Verizon workers, however, insist they are human beings. Resisting schedule manipulation is just the start.
Managers From Outside
Workers are also fighting something Verizon calls the Quality Assurance Program (QAR). The company says it was introduced to keep better time records. But its greater use lies in helping bosses micromanage workers’ time.
Gavin, who has worked installation and maintenance for more than sixteen years, has experienced the worst effects of QAR.
Recently, after finishing an eight-hour shift, he was commended by a manager for his conscientious work. Yet the very next day he was called in for one of these QAR disciplinary proceedings. Subjected to a barrage of questions, without even knowing what the infraction was, he was then suspended for six weeks without pay.
The infraction turned out to be an error on management’s side. The union fought for Gavin and he was eventually reinstated, though he still lost a week’s pay and retained a mark on his record. Gavin emailed me about his experience:
My union reps fought for me and I was given back everything, but one week of pay, and a sullied record at Verizon . . . When they were asked to produce the proof there was none to be produced, yet I was standing with texts, phone records, and customer testimony as my defense to no avail. Do we operate in a democratic society, or is Verizon and its current regime of rulers somehow an exception to what this country stands for?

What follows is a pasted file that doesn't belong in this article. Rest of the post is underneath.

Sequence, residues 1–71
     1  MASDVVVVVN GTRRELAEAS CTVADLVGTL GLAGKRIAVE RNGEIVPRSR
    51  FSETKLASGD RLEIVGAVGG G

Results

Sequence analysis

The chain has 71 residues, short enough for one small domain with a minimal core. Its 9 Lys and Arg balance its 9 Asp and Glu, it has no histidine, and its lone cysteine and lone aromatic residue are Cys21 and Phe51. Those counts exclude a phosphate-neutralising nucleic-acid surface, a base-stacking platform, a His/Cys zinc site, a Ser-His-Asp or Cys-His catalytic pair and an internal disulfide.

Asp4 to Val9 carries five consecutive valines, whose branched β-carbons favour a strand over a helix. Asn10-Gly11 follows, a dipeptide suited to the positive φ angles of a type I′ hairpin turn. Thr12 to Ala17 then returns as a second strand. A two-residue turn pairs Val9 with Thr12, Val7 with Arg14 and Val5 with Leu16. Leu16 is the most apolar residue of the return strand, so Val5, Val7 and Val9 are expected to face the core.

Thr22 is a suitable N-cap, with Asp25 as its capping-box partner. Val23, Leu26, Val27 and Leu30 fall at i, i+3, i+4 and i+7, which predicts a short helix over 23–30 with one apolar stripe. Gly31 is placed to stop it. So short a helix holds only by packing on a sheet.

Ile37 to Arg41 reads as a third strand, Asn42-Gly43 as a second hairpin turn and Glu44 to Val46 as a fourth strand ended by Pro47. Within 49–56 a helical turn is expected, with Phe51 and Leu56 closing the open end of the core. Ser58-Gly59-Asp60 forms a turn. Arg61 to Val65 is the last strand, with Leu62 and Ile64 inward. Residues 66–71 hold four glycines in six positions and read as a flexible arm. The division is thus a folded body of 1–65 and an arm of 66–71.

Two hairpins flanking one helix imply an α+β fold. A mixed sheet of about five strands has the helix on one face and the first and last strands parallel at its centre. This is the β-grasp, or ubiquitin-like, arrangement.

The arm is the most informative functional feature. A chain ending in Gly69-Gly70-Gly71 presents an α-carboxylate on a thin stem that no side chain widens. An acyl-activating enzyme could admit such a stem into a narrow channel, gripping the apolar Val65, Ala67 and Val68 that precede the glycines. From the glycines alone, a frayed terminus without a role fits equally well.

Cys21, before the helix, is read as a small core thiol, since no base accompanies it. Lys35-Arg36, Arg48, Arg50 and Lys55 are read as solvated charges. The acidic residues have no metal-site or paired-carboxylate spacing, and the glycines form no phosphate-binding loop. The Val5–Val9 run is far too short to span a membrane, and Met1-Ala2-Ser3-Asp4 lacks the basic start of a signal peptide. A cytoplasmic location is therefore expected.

Based on my discussions with other Verizon workers, Gavin’s experience is typical. Arbitrary procedures, rulings, and minute control over work are standard fare at Verizon.
For instance, Gavin is allowed a half-hour lunch break, including time traveled from and back to the work site. Anything more can result in serious discipline; a thirty-five-minute lunch can cost a worker six weeks of pay.
“According to Verizon, we are not allowed to take a bathroom break without management approval,” says Javier. “That is an outright disgrace to human dignity.” His manager even demands that workers call him if they wanted to pee:
Unfortunately, when we call him, it goes to voicemail then we can’t leave a message because his box is full. We complained, so now he lets us text him. But a text is not complete, according to him, until he responds. So what am I supposed to wait? . . . If there is no management approval, then if I go then I’m “off the job.” That is a loophole they exploit to suspend us.
In Javier’s view, which I heard many Verizon workers repeat, lower-level managers appear to be under pressure to suspend a certain number of workers or run a given amount of disciplinary proceedings. “The QAR is directly targeted at the lowest 6 percent of the productive technicians,” says Javier, “and we all know there will always be a bottom 6 percent.”